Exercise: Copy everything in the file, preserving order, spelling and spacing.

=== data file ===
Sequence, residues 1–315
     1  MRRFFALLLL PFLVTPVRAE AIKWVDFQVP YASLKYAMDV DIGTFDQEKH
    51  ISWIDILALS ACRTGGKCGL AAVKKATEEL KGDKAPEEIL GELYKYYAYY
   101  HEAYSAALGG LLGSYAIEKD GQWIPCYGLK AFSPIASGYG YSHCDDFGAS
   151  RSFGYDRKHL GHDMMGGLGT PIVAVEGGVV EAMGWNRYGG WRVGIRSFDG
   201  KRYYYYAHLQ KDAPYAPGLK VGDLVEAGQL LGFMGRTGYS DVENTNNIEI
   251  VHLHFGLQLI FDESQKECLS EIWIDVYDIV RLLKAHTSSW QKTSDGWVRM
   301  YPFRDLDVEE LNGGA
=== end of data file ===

Sequence, residues 1–315
     1  MRRFFALLLL PFLVTPVRAE AIKWVDFQVP YASLKYAMDV DIGTFDQEKH
    51  ISWIDILALS ACRTGGKCGL AAVKKATEEL KGDKAPEEIL GELYKYYAYY
   101  HEAYSAALGG LLGSYAIEKD GQWIPCYGLK AFSPIASGYG YSHCDDFGAS
   151  RSFGYDRKHL GHDMMGGLGT PIVAVEGGVV EAMGWNRYGG WRVGIRSFDG
   201  KRYYYYAHLQ KDAPYAPGLK VGDLVEAGQL LGFMGRTGYS DVENTNNIEI
   251  VHLHFGLQLI FDESQKECLS EIWIDVYDIV RLLKAHTSSW QKTSDGWVRM
   301  YPFRDLDVEE LNGGA